A system created to grade doctors and empower patients to make better decisions falls short of its goals, according to a study by University of Michigan researchers.
Physician Compare, a website by the Centers for Medicare and Medicaid Services, was set up to increase transparency and empower patients and caregivers. The site is on its final phase of expansion and has focused on adding clinician-level performance data, in addition to data about the performance of groups of physicians.
Ms. Jun Li, a doctoral candidate in health management and policy at Michigan’s School of Public Health, and colleagues analyzed records of more than 1 million U.S. providers caring for Medicare beneficiaries.
They found that less than a quarter have quality information on Physician Compare and only 1 percent have clinician-level quality information.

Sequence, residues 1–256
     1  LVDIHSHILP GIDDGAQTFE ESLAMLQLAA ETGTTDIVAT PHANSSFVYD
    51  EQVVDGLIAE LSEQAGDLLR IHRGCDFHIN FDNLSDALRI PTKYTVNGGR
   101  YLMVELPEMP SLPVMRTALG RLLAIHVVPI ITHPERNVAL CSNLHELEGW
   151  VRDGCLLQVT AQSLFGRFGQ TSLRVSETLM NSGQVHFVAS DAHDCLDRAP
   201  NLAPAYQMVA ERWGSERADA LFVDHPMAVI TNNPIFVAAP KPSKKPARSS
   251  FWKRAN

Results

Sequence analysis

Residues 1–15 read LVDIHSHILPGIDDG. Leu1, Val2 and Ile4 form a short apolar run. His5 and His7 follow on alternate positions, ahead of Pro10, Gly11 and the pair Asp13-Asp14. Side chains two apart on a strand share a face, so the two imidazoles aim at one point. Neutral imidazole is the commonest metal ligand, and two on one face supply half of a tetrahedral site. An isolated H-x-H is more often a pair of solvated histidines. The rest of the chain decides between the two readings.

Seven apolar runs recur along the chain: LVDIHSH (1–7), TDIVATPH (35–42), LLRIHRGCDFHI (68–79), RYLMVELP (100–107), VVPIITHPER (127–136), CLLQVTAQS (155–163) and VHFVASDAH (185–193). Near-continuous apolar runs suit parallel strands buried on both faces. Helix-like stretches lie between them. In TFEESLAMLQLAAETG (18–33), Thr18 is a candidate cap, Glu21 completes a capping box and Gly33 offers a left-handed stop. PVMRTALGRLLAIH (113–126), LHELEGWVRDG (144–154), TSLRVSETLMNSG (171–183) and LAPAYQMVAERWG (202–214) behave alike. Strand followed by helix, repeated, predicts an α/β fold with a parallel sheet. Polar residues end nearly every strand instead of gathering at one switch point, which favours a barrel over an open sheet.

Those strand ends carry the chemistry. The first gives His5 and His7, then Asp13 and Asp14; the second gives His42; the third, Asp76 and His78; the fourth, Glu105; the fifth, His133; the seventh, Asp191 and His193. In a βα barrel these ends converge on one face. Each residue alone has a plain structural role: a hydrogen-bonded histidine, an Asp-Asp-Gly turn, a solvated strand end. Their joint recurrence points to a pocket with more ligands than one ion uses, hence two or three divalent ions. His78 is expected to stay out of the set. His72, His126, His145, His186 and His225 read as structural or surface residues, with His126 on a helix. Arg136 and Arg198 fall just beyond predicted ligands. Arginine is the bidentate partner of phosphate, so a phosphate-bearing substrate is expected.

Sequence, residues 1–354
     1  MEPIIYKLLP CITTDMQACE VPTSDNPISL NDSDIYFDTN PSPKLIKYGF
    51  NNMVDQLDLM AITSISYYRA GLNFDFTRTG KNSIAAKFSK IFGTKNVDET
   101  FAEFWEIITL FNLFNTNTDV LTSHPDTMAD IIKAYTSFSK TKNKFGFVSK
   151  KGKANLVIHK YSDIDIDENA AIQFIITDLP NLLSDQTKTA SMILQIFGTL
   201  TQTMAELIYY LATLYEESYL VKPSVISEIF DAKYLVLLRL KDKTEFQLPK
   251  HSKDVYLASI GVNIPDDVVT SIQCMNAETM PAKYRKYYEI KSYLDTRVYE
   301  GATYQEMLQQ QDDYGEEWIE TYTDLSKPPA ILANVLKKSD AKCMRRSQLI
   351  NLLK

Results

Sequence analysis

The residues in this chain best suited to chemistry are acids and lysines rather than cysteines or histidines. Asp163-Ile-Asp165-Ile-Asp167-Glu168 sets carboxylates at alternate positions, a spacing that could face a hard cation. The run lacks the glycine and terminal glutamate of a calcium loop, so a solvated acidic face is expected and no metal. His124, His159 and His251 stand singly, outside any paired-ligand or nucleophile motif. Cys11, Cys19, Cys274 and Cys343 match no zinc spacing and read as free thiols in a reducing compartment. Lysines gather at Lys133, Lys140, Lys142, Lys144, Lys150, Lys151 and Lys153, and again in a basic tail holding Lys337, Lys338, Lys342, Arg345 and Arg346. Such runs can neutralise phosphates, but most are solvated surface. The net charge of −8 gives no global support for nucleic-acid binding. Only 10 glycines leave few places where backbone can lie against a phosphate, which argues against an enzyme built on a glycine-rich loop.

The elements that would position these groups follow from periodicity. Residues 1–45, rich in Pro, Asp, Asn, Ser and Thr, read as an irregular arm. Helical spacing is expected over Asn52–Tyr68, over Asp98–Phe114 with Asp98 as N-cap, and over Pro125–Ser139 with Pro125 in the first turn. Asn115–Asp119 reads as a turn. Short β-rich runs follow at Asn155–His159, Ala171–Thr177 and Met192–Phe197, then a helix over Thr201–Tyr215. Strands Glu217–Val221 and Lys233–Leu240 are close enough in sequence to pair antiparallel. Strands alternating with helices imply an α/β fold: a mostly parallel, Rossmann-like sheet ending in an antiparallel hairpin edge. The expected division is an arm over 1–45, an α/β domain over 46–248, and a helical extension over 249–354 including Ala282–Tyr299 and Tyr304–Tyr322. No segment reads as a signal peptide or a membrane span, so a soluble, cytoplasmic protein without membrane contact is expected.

“Patients and caregivers want information to be able to make informed choices,” Ms. Li said. “Thus, it is important to determine whether that need is being met. Additionally, federal policymakers are expending a great deal of resources toward Physician Compare, therefore it is imperative that we know how well it is functioning and whether it needs to be improved.”
Among the key findings:
To increase the reliability of the system, the researchers suggest considering major revisions to the website or determining whether a different approach might help achieve the goal of increasing transparency around health care quality.Friday Letter Submission